Math Speedball

Perhaps you are familiar with math basketball. This school year I have three Algebra I classes whose temperment runs from the wild to the wilder, and if they could get away with it math basketball is all they’d do in class. Not only is this impractical but they’d get tired of it, even including variants like math frisbee or math golf.

However, given a preponderance of students would literally hang from the rafters if I had any, I needed to brainstorm a new physical-based review game. Hence, Speedball.

Supplies needed: A soft ball of some sort, like the type included with a mini-basketball hoop, and a timer.

1. A counter on the board is settable from 0 to 10, and starts at 0. (Or to the left of 1 on my picture above.)

2. The ball is tossed to a student and the timer starts.

3. The student with the ball gets a question.

4. If the student gets the problem right the counter moves up by one. If the student gets the problem wrong the counter moves down by one.

5. The student passes the ball to a different student and either a new question is given (if the last answer was right) or the same question was given (if the last answer was wrong).

6. Play continues until the marker reaches 10, at which point the timer stops.

I set this up as class vs. class with the students trying to beat the best times, but a flat target like 3 minutes should work equally well.

Depending on your class you may need special rules about involving all students in the game. I also recommend a 1-point penalty for a student who passes the ball without answering a question.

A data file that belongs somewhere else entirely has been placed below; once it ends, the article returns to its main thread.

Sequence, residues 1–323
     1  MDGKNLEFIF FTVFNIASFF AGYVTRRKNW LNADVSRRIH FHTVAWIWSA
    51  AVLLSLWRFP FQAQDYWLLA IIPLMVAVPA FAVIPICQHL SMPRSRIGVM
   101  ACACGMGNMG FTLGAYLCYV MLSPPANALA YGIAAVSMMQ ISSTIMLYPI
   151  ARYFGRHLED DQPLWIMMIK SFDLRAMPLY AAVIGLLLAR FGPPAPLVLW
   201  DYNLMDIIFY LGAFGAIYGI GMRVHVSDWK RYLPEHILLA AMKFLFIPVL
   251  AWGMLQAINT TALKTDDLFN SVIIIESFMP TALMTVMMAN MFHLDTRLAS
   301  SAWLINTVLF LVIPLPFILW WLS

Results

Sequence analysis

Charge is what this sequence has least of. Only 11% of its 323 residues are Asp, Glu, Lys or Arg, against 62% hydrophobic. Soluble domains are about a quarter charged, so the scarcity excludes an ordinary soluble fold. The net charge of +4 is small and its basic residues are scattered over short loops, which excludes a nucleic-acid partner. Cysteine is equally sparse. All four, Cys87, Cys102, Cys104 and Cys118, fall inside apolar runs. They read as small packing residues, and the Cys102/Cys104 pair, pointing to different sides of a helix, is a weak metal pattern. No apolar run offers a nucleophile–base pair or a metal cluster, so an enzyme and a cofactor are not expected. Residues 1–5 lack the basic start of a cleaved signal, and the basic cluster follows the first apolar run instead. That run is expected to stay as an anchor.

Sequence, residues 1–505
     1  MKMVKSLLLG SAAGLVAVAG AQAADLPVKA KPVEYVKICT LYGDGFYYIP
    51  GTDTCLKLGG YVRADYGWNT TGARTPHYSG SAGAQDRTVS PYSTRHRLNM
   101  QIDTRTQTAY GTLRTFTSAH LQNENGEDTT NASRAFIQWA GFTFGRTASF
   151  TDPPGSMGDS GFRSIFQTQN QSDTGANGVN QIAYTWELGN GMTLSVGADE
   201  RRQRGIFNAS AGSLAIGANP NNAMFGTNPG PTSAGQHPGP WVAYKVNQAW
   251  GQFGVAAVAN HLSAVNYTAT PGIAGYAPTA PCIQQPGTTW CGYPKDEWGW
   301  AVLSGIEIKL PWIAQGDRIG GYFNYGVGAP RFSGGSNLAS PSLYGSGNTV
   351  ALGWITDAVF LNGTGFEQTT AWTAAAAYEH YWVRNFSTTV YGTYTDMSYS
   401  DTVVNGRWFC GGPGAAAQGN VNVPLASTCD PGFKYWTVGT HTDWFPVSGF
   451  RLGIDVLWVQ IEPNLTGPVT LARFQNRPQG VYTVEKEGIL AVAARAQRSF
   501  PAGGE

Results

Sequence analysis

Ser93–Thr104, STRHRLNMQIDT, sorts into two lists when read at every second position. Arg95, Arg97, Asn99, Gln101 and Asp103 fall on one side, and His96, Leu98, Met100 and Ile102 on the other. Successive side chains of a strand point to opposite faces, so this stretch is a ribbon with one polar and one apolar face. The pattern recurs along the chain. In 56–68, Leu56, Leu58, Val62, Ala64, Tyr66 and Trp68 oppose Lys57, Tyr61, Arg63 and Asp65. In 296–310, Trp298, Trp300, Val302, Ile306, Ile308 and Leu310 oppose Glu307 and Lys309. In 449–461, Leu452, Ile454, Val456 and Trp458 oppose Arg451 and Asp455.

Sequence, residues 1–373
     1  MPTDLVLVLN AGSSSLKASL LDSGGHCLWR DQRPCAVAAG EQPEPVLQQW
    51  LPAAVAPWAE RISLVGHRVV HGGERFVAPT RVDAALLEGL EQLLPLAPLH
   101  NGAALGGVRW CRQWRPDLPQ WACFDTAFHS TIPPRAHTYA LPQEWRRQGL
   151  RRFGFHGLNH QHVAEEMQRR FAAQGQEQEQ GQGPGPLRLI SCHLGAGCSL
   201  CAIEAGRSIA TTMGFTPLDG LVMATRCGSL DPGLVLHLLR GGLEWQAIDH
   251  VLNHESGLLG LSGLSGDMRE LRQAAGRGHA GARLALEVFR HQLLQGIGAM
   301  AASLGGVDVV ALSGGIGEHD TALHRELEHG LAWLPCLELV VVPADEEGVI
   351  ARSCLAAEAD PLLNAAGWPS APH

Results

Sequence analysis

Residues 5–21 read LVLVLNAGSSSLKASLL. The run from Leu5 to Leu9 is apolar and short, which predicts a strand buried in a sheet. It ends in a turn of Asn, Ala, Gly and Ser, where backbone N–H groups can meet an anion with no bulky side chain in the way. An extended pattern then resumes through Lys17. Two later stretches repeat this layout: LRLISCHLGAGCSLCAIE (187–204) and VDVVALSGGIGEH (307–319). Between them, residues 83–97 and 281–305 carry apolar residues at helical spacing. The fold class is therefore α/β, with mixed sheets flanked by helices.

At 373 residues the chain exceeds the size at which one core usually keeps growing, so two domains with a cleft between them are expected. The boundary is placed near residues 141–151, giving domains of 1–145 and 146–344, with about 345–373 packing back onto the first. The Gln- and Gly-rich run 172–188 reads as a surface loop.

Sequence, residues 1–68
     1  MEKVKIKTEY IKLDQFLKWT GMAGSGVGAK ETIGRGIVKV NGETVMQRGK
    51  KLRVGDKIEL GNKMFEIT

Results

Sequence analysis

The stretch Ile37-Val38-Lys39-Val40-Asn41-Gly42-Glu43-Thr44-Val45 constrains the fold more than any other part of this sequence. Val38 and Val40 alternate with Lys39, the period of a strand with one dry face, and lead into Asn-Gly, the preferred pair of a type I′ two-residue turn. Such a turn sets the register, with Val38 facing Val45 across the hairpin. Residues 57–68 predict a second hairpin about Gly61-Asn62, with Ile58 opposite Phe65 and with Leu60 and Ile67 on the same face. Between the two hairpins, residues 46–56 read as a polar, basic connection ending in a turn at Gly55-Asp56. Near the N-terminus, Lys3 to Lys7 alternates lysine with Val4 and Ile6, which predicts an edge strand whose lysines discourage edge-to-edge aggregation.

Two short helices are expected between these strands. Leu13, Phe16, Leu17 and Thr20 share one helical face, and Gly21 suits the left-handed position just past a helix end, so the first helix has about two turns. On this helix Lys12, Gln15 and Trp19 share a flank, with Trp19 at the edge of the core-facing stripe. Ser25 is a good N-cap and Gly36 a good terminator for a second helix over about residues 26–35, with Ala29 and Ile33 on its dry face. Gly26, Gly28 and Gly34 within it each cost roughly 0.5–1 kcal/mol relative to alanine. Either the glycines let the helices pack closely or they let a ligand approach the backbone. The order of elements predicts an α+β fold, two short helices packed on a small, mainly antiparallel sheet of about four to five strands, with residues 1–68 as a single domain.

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The Best Sports Statistics Article I Have Read

The No-Stats All-Star

“I care a lot more about what ought to have happened than what actually happens,” said Hinkie, who has an M.B.A. from Stanford. The routine N.B.A. game, he explained, is decided by a tiny percentage of the total points scored. A team scores on average about 100 points a game, but two out of three N.B.A. games are decided by fewer than 6 points — two or three possessions. The effect of this, in his mind, was to raise significantly the importance of every little thing that happened. The Lakers’ Trevor Ariza, who makes 29 percent of his 3-point shots, hit a crazy 3-pointer, and as the crowd moaned, Hinkie was almost distraught. “That Ariza shot, that is really painful,” he said. “Because it’s a near-random event. And it’s a 3-point swing.” When Bryant drove to the basket, instead of being forced to take a jump shot, he said: “That’s three-eighths of a point. These things accumulate.”